Checking into the Essex Inn, a stately but moderately priced hotel with a magnificent pool (an important criteria for the kids!), we met a fellow traveler who happened to be one of the headliners at the Blues Festival, Terry “Harmonica” Bean.
I was tempted to ask him if he’d ever been a misunderstood genius, like Yolonda’s harmonica-playing little brother, but I managed to show a little restraint. Not much, mind you, but a little.
Our hotel was located across the street from Grant Park, the site of the several stages that are part of the festival, but Terry was from the South, and he would perform on the Mississippi Juke Joint stage, on the far end of the park.
See, this is where I started seeing those learning connections, as if I could miss them, found in music and travel. Two years earlier, on our first major family road trip, I took Kayla and Alex to Mississippi to explore the subject of my daughter’s school state report.
Kayla had decided that what she most wanted to learn about in the southern state was its native son – Elvis Presley, born in Tupelo, Mississippi. As part of that project, we visited various Tupelo museums where we learned about Elvis’ musical inspirations, including the folk, country, gospel, and blues influences.
On that road trip, and again on this one, it’s been fascinating to discover the way music connects human culture across geographic and other boundaries, and to see how it is used as a tool for change.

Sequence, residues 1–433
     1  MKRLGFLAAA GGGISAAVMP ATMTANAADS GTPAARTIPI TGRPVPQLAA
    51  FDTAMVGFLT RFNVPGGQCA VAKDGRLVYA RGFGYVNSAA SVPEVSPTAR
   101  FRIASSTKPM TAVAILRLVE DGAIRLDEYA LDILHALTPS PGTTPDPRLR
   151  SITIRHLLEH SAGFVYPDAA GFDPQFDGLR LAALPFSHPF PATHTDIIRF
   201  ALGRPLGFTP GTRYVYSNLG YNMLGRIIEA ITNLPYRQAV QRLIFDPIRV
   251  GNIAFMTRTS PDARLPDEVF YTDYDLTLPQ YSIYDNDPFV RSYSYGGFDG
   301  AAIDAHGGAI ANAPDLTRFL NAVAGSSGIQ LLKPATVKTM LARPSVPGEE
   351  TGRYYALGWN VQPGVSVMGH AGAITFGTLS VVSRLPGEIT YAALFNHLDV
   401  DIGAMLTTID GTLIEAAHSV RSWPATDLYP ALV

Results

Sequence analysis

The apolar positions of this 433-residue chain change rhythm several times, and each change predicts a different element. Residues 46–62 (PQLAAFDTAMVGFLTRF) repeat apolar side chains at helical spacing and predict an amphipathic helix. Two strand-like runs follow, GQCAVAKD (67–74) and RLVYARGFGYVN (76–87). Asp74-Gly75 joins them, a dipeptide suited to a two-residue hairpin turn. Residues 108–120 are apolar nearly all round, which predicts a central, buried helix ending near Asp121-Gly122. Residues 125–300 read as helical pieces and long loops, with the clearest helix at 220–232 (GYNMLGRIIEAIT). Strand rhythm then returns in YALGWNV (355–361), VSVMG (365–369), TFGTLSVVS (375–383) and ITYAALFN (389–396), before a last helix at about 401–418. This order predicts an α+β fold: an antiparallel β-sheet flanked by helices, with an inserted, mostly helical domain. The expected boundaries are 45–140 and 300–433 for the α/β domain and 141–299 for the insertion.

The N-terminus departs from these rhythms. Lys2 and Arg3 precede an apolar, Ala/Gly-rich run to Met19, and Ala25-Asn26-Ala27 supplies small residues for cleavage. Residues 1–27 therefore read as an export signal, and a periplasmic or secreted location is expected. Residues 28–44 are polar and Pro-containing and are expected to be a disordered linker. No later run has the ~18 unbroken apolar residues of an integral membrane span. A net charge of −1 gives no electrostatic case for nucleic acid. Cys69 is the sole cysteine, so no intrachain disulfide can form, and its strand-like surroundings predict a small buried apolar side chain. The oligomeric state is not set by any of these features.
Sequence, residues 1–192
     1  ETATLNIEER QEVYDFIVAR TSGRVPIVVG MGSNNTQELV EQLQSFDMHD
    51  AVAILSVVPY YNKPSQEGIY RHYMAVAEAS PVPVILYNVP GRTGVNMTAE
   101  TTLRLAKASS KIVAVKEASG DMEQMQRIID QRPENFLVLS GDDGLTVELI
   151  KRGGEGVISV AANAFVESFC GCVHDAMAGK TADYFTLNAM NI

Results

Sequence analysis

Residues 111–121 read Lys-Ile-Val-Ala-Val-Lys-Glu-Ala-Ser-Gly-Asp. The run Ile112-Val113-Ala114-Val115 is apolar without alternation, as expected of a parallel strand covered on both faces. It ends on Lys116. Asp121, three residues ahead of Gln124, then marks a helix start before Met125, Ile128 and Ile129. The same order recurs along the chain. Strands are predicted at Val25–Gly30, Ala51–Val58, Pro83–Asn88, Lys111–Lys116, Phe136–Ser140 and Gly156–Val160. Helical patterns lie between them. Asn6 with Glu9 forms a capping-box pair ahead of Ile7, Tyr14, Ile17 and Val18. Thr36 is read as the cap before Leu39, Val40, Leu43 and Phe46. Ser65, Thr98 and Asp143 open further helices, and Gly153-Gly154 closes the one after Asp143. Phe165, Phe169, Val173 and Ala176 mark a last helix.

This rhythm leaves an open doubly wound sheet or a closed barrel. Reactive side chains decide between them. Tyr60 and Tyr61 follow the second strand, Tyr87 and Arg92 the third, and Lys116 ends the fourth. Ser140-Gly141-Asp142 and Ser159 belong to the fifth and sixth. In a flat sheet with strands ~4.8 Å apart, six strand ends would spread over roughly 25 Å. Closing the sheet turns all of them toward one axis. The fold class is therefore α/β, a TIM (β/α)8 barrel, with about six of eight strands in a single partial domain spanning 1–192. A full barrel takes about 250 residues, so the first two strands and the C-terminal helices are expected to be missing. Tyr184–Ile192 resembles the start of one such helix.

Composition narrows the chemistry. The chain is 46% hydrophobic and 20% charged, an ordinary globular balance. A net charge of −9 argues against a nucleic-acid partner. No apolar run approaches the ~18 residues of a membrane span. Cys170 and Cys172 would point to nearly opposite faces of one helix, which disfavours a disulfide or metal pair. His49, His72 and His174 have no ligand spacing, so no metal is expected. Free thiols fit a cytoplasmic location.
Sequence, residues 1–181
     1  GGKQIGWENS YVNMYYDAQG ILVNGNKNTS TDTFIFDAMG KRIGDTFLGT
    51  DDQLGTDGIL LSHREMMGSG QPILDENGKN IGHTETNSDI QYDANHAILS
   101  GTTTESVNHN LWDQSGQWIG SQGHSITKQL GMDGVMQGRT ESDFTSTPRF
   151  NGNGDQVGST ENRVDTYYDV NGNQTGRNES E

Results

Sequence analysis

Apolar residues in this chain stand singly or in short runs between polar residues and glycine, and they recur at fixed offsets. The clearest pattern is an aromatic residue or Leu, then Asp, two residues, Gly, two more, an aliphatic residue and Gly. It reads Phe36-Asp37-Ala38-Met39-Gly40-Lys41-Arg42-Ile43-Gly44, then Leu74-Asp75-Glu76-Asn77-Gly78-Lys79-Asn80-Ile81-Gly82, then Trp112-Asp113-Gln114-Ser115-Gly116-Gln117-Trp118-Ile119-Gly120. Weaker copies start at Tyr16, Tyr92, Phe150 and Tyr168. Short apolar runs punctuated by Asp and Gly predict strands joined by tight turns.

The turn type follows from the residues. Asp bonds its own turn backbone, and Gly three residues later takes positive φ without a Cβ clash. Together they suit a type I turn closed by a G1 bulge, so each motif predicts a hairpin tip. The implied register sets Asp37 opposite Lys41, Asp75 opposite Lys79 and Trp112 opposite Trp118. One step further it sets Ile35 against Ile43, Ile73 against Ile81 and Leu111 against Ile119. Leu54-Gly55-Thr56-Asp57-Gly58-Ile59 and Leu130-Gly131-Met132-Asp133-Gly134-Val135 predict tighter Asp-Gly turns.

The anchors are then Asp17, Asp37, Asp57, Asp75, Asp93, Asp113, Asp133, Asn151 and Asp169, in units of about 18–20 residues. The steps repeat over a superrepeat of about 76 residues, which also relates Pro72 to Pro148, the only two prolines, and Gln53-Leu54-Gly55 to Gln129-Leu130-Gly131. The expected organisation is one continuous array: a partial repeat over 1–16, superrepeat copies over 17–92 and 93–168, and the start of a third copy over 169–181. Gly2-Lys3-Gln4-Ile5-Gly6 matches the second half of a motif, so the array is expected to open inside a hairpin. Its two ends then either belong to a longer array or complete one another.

Rock and Roll Educational Music Resources:
- Rockin’ Lesson Plans – Connecting music with Language Arts and Social Studies.
- General Reference – Popular Music Studies.
- Student Activity Guides – Grade-specific scavenger hunt activity guides.
Go See It!
On the first day of our road trip, we left Albany, NY none too early, arriving in Cleveland, OH in time for a good nights rest at a La Quinta hotel. The next morning, we spent most of the day (10AM-3PM) at the Rock and Roll Hall of Fame before driving 1.5 hours to Toledo, OH where we sampled Hungarian Hot Dogs. Then, I drove another 3.5 hours to get to Chicago where we stayed two nights at the Essex Inn. I left the car in hotel parking, and we walked everywhere, spending one day at the Blues Festival and another visiting the Frank Lloyd Wright designed Robie House.
I think that I could spend a lifetime getting to know Chicago, and I will – bit by bit. Most recently, we returned for a brief Deep Dish Pizza foodie adventure.Rock and Roll Hall of Fame and Museum 1100 Rock and Roll Boulevard Cleveland, OH 44114
(216) 781-7625 | http://rockhall.com Essex Inn 800 South Michigan Avenue Chicago, IL 60605-2115
(312) 939-2800 | www.essexinn.com
Read Across America Road Trip of 2009:
- How To Plan A Read Across America Road Trip
- Travel Tips for Reading with Kids on Road Trips
- Read Across America Road Trip Begins In NYC
- Taking the Kids to The Rock and Roll Hall of Fame and Chicago’s Blues Festival
- A Family Visit to Mark Twain’s Hometown in Hannibal, MO Is an Adventure of the Imagination
You might like:
- Christmas Story Movie Comes to Life in Cleveland
- A Long Strange Trip Starts with the Grateful Dead in Cleveland
- Make Musical Connections: Take the Kids to The Rock and Roll Hall of Fame in Cleveland, OH and the Chicago Blues Festival
- Feeding Time at Cleveland Aquarium
Sandra Foyt | Sandra Foyt is a storyteller, photographer, and road trip junkie. A veteran of six cross-country road trips, she drove Route 66, the Lincoln Highway, the fossil freeway, the extraterrestrial highway, and even “the loneliest road in America.” Find her on GetawayMavens.com, an award-winning destination guide to extraordinary travel in and from Northeast USA, on her portfolio site at SandraFoyt.com, and in freelance gigs on Family Travel 411, Minitime, Huffington Post, and Matador Network. Email: email@example.com, Twitter @SandraFoyt.